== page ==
Today’s Gospel gives an opportunity to address an important topic: the relation of Christianity and the "occult." Matthew tells about men from the east called Magi (magoi) who searched the night sky for signs. They observed an astronomical event ("star at its rising") and traveled to Palestine to do homage to "the newborn king."
In the ancient world it was very common to see correspondence between celestial movements and happenings here on earth. That belief persists right up to our day. According to recent polls around one third of Americans “believe” in astrology.* Perhaps some of you are among that number. I won't ask for a show of hands, but I will ask you to consider what the Magi did when they finally found the Christ child.
But first let me say that astrology is not the worse thing to believe in. Ancient philosophers like Aristotle took it fairly seriously. The great poet Dante wove it lightly into his Christian synthesis. A modern president and his first lady consulted an astrologer, although they maintain they did not base national decisions on the horoscope.
I will also make a public confession. At one desperate time of my youth, I read the newspaper horoscopes to find some clue about the future of a certain girl and myself. I did find the hopeful signs I was seeking, but I would have used my time much better by attempting to talk directly with her. Still I do have sympathy for those souls who consult horoscopes, psychics, card readers and so on.
While it might be easy to scoff at these practices (St. Augustine devoted a large section of City of God to ridiculing astrology) I will not take that tack. Rather I wish to offer you something better. A dog will cling to an old bone and snarl at anyone who tries to wrest it from him. But if offered a chunk of meat, he will quickly drop the bone. This morning I wish to place before you something truly substantial.
When the Magi found the One they were looking for, they prostrated themselves and did him homage. At his feet they placed their most valuable treasures – gold, incense and myrrh. (Lk 2:11) Some scholars consider that those elements were used in divinations. They did not need them after encountering the Fullness. God now guided them in a more direct way. (v. 12)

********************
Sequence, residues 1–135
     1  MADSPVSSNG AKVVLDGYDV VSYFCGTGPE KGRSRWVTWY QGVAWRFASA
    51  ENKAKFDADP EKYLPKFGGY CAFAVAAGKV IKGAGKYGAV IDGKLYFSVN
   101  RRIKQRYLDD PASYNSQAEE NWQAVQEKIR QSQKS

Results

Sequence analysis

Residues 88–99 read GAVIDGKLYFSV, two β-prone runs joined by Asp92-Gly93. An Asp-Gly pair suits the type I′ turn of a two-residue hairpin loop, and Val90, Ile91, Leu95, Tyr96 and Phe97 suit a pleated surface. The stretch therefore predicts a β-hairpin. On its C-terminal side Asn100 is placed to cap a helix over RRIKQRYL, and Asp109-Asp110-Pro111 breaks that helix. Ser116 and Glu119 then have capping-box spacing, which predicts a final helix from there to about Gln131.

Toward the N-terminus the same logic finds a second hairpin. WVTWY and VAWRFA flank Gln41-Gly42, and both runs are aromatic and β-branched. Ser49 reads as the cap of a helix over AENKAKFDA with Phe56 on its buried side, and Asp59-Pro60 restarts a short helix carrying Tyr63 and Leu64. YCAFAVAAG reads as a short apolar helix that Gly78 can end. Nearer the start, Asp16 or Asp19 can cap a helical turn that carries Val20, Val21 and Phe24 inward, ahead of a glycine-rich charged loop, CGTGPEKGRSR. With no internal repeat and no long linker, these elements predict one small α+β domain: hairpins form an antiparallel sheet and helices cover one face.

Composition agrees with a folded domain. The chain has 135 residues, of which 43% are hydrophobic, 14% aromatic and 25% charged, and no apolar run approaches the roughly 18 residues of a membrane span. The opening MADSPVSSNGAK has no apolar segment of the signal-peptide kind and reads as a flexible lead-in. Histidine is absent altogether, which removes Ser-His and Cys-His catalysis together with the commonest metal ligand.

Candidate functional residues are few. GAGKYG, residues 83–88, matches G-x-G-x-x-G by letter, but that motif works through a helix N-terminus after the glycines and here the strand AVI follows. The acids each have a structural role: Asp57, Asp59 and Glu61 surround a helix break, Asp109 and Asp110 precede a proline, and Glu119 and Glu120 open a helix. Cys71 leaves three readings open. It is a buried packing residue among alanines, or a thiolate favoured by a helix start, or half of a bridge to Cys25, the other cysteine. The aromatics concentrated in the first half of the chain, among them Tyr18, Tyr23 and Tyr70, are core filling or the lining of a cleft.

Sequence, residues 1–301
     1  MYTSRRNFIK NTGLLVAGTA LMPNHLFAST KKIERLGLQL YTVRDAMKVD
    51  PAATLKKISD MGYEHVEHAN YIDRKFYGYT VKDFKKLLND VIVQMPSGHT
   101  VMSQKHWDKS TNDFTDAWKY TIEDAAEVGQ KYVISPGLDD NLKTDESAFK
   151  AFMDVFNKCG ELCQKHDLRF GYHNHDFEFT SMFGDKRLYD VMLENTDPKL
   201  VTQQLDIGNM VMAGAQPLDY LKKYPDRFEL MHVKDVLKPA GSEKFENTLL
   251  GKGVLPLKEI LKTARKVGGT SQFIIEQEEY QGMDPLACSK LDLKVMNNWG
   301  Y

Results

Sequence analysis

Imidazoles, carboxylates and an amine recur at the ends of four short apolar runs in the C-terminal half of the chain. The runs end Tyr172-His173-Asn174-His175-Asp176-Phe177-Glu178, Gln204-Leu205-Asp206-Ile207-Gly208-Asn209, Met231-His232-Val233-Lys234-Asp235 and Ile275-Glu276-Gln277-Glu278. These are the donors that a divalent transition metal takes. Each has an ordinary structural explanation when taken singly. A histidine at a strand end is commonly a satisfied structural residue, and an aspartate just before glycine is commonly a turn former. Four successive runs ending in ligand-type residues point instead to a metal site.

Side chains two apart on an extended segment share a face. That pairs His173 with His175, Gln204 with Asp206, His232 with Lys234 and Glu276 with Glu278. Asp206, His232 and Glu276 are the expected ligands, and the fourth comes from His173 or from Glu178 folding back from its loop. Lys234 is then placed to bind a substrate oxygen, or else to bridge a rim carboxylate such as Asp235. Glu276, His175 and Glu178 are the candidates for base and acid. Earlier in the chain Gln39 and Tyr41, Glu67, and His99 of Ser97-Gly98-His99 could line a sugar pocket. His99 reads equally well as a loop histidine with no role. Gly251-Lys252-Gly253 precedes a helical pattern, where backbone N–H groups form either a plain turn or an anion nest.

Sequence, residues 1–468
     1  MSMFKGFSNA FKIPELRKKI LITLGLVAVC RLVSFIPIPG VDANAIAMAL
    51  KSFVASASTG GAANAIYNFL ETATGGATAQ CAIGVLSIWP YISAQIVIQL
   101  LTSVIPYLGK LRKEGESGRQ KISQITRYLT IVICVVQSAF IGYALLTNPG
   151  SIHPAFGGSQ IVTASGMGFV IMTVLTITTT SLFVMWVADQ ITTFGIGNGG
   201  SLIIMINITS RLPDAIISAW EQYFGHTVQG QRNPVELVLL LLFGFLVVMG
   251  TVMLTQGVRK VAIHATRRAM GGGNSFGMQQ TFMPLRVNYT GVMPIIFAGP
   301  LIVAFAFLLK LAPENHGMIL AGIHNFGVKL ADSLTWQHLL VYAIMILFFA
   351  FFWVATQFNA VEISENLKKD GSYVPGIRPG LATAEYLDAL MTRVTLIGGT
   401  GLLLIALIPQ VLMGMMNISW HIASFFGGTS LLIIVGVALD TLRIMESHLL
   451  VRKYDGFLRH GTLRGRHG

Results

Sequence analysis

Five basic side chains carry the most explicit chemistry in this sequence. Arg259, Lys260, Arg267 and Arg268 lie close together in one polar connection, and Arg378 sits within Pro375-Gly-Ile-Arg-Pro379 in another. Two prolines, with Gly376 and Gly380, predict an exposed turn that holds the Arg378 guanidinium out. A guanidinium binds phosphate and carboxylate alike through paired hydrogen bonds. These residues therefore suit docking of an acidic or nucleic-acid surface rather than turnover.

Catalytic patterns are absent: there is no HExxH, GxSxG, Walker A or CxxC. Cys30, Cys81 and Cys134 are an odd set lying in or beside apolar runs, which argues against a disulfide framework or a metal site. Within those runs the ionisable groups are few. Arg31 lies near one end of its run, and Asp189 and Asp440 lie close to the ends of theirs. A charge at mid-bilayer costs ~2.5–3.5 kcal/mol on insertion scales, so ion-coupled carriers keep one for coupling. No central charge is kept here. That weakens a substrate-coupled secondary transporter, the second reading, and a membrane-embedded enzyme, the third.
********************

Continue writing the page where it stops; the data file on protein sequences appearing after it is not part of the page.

Some of you have just purchased your 2002 horoscope. I ask you to place it at the feet of Jesus. You do not need it. He will guide you. He is your future.
In the past you attempted to embrace both Christianity and astrology. Jesus does not condemn you, but he now asks you to make a choice between him and your horoscope. The two cannot go together. Jesus makes it clear in the Catechism:
"All forms of divination are to be rejected: recourse to Satan or demons, conjuring up the dead or other practices falsely supposed to 'unveil' the future.[Cf. Deut 18:10 ; Jer 29:8 .] Consulting horoscopes, ASTROLOGY, palm reading, interpretation of omens and lots, the phenomena of clairvoyance, and recourse to mediums all conceal a desire for power over time, history, and, in the last analysis, other human beings, as well as a wish to conciliate hidden powers. They contradict the honor, respect, and loving fear that we owe to God alone." (#2116)
If you have fallen into one of those practices, do not despair. Rather follow the example of the Magi: Do homage to Jesus alone. Let him be the guiding star of your life.
*One-third of Americans believe in astrology (USA Today 6/20/00), with the fastest growing segment among executives and professionals (USA Today, 1996). According to The Harris Poll, nearly 41 percent of adult Americans believe in astrology (The Harris Poll, #52 9/13/00). An eight year, worldwide study by Roper Starch reported a 30 percent increase in the belief in astrology (USA Today, 1996). In 1976, 17 percent of Americans believed in astrology. In 1998 that number jumped to 37 percent (biz.journals.com, 3/3/00).
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